The unfortunate relationship between Aruba and Peru that no one wishes to speak about in Aruba

A ccording to Marisol López Tromp president of the Aruban Parliament, councilors and other high ranked members of the Aruban Government really like to visit Peru on international political trips. On a recent trip to Aruba I met the charming and friendly Ms. Marisol thanks to my brother who gives private swimming classes to her daughter Marie-Louise. The current president of the Aruban Parliament took part in one of five mini documentaries we filmed while on the island. Aruba is beautiful but its small size is its biggest problem; everyone knows everyone and secrets aren’t secrets for long, unless your name is Joran van der Sloot.

During my visit to Aruba I interviewed some Peruvians and was surprised when Adolfo Bonarriva told me that there were at least 7,000 Peruvians living on the tiny island of Aruba. That many? Looking up the stats at Census Central Bureau of Statistics of Aruba, confirmed he was right. Additionally, more than 33% of the island’s habitants are foreign-born; the knowledge and ability to speak multiple languages definitely being a plus in terms of providing services for foreign visitors. Talking to Adolfo was great because he shared something really important for Peruvian youngsters. He came to Aruba over 20 years ago and started at the bottom of the ladder in a famous hotel, working his way up to the position of manager of the food and beverages department.  He said he hoped to be an example for other young fellow countrymen by explaining that you can start with very little but if you are dedicated and work hard you can advance in your career. Nowadays, recently graduated students believe they have the qualifications to become an owner, manager or director straight away and won’t settle for less regardless of their lack of experience.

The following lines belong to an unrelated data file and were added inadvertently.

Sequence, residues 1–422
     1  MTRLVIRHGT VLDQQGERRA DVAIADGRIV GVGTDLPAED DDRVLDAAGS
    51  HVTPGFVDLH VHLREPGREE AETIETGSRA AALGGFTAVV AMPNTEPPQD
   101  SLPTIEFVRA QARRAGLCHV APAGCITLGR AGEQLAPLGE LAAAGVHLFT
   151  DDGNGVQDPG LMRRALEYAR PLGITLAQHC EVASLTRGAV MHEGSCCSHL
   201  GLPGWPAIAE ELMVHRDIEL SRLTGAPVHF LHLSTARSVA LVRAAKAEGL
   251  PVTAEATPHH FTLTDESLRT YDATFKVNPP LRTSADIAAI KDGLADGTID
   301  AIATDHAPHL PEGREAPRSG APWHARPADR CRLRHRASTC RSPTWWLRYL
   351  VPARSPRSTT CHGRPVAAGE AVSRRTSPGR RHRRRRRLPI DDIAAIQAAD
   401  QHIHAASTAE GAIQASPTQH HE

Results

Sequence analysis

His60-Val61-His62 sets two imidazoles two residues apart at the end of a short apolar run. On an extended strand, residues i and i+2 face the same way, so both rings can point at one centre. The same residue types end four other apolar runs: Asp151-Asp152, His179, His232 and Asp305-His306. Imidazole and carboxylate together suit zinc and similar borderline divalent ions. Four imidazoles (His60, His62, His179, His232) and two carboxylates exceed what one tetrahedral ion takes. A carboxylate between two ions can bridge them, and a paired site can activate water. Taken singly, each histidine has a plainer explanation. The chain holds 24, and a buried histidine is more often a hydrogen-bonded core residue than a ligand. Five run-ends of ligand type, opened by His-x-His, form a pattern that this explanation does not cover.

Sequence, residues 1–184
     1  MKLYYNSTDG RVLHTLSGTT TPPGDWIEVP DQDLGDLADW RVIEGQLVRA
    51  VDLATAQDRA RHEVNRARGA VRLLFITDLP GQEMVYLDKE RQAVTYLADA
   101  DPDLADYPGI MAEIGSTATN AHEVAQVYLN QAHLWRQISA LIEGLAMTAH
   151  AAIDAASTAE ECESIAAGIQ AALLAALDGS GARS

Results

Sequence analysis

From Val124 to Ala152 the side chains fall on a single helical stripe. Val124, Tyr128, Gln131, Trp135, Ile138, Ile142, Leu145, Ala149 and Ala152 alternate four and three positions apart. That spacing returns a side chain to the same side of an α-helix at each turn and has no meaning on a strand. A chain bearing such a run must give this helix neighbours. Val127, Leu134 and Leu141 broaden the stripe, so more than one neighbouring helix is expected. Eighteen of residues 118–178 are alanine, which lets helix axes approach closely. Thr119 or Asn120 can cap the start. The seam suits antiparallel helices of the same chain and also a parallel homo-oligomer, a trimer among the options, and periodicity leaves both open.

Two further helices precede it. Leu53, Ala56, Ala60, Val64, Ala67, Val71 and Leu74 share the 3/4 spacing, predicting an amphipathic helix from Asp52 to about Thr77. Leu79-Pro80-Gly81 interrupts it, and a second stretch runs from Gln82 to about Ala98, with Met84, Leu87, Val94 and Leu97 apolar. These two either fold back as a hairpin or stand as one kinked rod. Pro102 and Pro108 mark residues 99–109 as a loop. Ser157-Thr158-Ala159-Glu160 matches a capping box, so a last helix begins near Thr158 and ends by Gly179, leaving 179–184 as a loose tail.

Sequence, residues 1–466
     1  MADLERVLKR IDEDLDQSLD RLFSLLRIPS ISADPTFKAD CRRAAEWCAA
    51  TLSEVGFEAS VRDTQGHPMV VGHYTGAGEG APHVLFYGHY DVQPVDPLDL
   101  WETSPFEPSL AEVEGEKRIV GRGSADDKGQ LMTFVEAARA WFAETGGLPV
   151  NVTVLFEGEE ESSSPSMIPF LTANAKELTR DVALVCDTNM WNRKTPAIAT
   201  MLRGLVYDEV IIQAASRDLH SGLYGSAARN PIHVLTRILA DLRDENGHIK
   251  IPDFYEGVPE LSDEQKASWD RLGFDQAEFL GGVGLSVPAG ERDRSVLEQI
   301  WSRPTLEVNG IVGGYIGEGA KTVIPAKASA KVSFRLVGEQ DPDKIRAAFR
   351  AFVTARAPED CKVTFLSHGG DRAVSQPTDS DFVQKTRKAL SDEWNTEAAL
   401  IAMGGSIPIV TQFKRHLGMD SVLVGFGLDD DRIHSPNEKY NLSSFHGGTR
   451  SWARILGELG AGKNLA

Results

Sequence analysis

Left to right: brother Roy, president of the Aruban Parliament Marisol López Tromp, Rex Broekman and cameraman Aaron Croes

Left to right: brother Roy, President of the Aruban Parliament Marisol López Tromp, Rex Broekman and cameraman Aaron Croes

Another interesting interview I did was with Betty Farje. Originally from Huancayo, she is the proud owner of the family restaurant El Chalán, which serves delicious Peruvian dishes. Betty was a bit surprised by our visit and at first didn’t believe me when I said I wanted to interview her for a small local TV station in Peru but this all changed when Aaron Croes our cameraman walked in. Betty said that Arubans weren’t used to spicy food but that was slowly changing. Her customers are both locals and Peruvians who enjoy traditional dishes like ceviche, arroz con pato or pollo, anticuchos, lomo saltado or pachamanca de la olla. This restaurant provides a great opportunity for people who have never tried Peruvian gastronomy or are not planning a visit to the land of the Incas either to experience real Peruvian fare. I ate a delicious ceviche mixto and my brother enjoyed his first lomo saltado a lo pobre.

I had been in Aruba a week and still no one had mentioned Joran van der Sloot; even when I said I was living in Peru, whereas people in Peru always remind me of him. Had people forgotten about him or could they just not care less? I have always been interested in his case, although I still don’t know why. Maybe it’s the psychological aspect that intrigues me. After he was convicted of murder in Peru, Joran again got my attention and I’ve seen almost every documentary and interview on either YouTube or television. However, it wasn’t until my brother mentioned Joran’s old house that I started thinking about this weird connection between Peru and Aruba. A connection that at least one of the two countries didn’t want to be reminded of; although at that time this wasn’t yet clear to me